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Senate Marine veteran pushes new war authorization

Sen. Todd Young, R-Ind.

By TRAVIS J. TRITTEN | STARS AND STRIPES Published: March 6, 2017

WASHINGTON — A Marine veteran newly elected to the Senate is hoping to reignite calls for Congress to pass its first new war authorization of U.S. military operations in Iraq, Syria and elsewhere since 2002.

Sen. Todd Young, R-Ind., a former Marine intelligence officer who sits on the Foreign Relations Committee, introduced a bill last week that could reopen the debate over war powers as President Donald Trump reviews a new Pentagon strategy against the Islamic State group and wages new bombing in Yemen. Several House lawmakers are also pushing for an updated authorization for the use of military force, known as an AUMF.

“We have a moral obligation to weigh in from time to time about issues pertaining to military force and when we send out young men and women into battle,” said Young, who beat out an established Democrat in the fall election. “To the extent we delegate that authority to the commander in chief, we act in a less than ethical and a less than constitutional fashion.”

He said a new AUMF would let servicemembers know “the American people are behind them.”

Under the Constitution, Congress retains the power to declare war but it last passed war authorizations in 2001 after 9/11 to root out al-Qaida in Afghanistan and in 2002 to topple Saddam Hussein in Iraq. Some lawmakers on both sides of the political aisle have begun questioning whether that aging legislation is still appropriate as the wars and U.S. enemies have morphed over more than a decade.

Last week, Defense Secretary Jim Mattis delivered a new plan to the White House that the Pentagon says could rapidly defeat the Islamic State group and potentially mean a deeper U.S. commitment in Syria, including more ground troops.

The Pentagon has also carried out more than 30 airstrikes against an al-Qaida group in Yemen in recent days following a raid in January that resulted in the death of Chief Petty Officer Ryan Owens.

The existing 2001 authorization covers al-Qaida and affiliated groups, and Congress has been reluctant to update it. Debates over the past three years have petered out even after the administration of President Barack Obama requested a new authorization.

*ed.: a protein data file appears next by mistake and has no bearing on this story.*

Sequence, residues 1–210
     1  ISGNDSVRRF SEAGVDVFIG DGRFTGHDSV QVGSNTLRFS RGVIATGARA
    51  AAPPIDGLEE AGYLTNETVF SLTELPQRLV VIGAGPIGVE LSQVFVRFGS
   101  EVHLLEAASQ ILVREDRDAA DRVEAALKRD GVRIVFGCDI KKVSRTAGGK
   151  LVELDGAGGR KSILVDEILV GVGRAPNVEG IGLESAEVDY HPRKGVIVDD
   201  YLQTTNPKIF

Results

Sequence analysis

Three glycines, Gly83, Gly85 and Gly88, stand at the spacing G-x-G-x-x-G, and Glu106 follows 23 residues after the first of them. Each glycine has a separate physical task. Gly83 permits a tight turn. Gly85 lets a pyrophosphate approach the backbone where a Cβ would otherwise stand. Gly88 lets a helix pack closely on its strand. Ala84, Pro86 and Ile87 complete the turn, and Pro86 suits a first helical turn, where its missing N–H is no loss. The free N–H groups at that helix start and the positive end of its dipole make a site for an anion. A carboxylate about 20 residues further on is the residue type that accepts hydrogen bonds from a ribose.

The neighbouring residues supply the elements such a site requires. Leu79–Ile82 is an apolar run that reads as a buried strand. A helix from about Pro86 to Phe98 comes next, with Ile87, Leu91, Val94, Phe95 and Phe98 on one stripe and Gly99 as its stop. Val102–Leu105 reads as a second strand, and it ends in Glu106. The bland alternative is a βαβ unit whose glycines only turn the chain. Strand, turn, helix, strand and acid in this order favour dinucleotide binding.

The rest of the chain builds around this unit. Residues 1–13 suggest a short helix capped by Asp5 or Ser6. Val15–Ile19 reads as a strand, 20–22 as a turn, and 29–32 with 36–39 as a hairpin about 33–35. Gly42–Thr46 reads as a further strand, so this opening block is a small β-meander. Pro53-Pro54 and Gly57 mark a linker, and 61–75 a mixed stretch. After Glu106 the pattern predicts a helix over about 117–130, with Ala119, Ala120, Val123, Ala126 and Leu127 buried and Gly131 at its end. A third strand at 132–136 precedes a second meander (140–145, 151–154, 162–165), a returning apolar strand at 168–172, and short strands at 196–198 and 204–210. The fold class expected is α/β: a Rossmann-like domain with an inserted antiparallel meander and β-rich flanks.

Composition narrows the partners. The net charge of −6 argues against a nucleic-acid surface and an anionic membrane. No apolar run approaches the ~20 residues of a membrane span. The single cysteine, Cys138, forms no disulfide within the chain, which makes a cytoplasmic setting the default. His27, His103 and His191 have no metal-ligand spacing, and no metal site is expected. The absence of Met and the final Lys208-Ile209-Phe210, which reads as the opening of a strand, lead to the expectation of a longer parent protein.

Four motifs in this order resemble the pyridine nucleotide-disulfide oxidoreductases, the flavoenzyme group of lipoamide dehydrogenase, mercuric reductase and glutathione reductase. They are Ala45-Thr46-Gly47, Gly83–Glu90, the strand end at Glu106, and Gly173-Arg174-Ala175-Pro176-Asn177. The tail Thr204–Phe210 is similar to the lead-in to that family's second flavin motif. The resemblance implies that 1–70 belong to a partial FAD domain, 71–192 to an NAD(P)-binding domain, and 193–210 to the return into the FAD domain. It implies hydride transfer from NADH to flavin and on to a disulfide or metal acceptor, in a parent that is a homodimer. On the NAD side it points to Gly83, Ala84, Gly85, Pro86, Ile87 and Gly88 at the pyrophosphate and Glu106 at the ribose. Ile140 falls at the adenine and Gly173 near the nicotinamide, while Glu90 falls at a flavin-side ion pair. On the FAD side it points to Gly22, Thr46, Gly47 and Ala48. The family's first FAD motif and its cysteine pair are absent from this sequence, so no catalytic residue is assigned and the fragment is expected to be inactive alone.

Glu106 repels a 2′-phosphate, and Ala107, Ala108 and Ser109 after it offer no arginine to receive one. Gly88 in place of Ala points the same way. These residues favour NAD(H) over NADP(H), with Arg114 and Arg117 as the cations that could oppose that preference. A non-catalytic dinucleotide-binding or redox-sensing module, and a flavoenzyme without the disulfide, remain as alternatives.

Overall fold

In 2015, lawmakers resurrected the AUMF debate after Obama announced 50 special operators would assist rebel groups in Syria. U.S. forces there have now grown to more than 500 and might have an increasing role during the push to reclaim the Islamic State group’s stronghold in Raqqa.

Young said Monday that he has yet to shop his bill around but hopes to build support on the Foreign Relations Committee as the Trump administration works toward finalizing its new Islamic State strategy.

“Whether or not this receives [Senate] floor time or significant co-sponsorship I think it’s very important that elected representatives speak in a clear and unambiguous voice about the need to formally authorize force in these sorts of circumstances,” he said.

In the House, a bipartisan group of 19 lawmakers sent a letter last month to Speaker Paul Ryan, R-Wisc., urging him to bring AUMF legislation to the chamber floor.

Rep. Barbara Lee, D-Calif., a longtime critic of the U.S. wars, and Rep. Walter Jones, R-N.C., whose district includes Camp Lejeune, were the first to sign the letter and have introduced a bill to repeal the 2001 and 2002 AUMFs.

The Feb. 17 letter to Ryan called out Congress for failing to pass updates during the last three years of the Obama administration and echoed some of the concerns from 2015 when special operators moved into Syria.

“We are alarmed that the Pentagon is considering U.S. troop deployment in northern Syria in addition to the Special Operations forces already deployed there,” the lawmakers wrote.

tritten.travis@stripes.com
Twitter: @Travis_Tritten

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